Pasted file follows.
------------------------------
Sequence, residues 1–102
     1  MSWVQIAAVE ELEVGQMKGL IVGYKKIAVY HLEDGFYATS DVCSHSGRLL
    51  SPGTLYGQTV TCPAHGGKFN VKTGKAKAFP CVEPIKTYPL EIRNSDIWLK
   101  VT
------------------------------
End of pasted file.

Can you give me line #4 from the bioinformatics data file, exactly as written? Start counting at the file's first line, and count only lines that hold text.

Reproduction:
   101  VT